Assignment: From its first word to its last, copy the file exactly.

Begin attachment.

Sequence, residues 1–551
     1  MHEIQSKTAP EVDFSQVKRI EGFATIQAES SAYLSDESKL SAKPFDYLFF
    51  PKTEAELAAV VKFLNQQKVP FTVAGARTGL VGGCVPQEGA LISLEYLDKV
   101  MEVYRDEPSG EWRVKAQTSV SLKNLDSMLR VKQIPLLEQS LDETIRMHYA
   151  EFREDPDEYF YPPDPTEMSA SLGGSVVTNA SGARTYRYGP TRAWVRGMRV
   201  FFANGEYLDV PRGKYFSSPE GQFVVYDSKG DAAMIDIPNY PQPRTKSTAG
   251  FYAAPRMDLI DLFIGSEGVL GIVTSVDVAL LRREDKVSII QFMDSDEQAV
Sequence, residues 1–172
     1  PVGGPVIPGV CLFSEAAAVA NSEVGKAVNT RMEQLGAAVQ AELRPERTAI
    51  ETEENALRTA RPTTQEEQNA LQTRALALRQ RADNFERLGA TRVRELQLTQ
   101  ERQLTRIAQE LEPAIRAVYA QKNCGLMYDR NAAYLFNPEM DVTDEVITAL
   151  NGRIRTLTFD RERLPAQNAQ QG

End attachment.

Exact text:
Sequence, residues 1–551
     1  MHEIQSKTAP EVDFSQVKRI EGFATIQAES SAYLSDESKL SAKPFDYLFF
    51  PKTEAELAAV VKFLNQQKVP FTVAGARTGL VGGCVPQEGA LISLEYLDKV
   101  MEVYRDEPSG EWRVKAQTSV SLKNLDSMLR VKQIPLLEQS LDETIRMHYA
   151  EFREDPDEYF YPPDPTEMSA SLGGSVVTNA SGARTYRYGP TRAWVRGMRV
   201  FFANGEYLDV PRGKYFSSPE GQFVVYDSKG DAAMIDIPNY PQPRTKSTAG
   251  FYAAPRMDLI DLFIGSEGVL GIVTSVDVAL LRREDKVSII QFMDSDEQAV
Sequence, residues 1–172
     1  PVGGPVIPGV CLFSEAAAVA NSEVGKAVNT RMEQLGAAVQ AELRPERTAI
    51  ETEENALRTA RPTTQEEQNA LQTRALALRQ RADNFERLGA TRVRELQLTQ
   101  ERQLTRIAQE LEPAIRAVYA QKNCGLMYDR NAAYLFNPEM DVTDEVITAL
   151  NGRIRTLTFD RERLPAQNAQ QG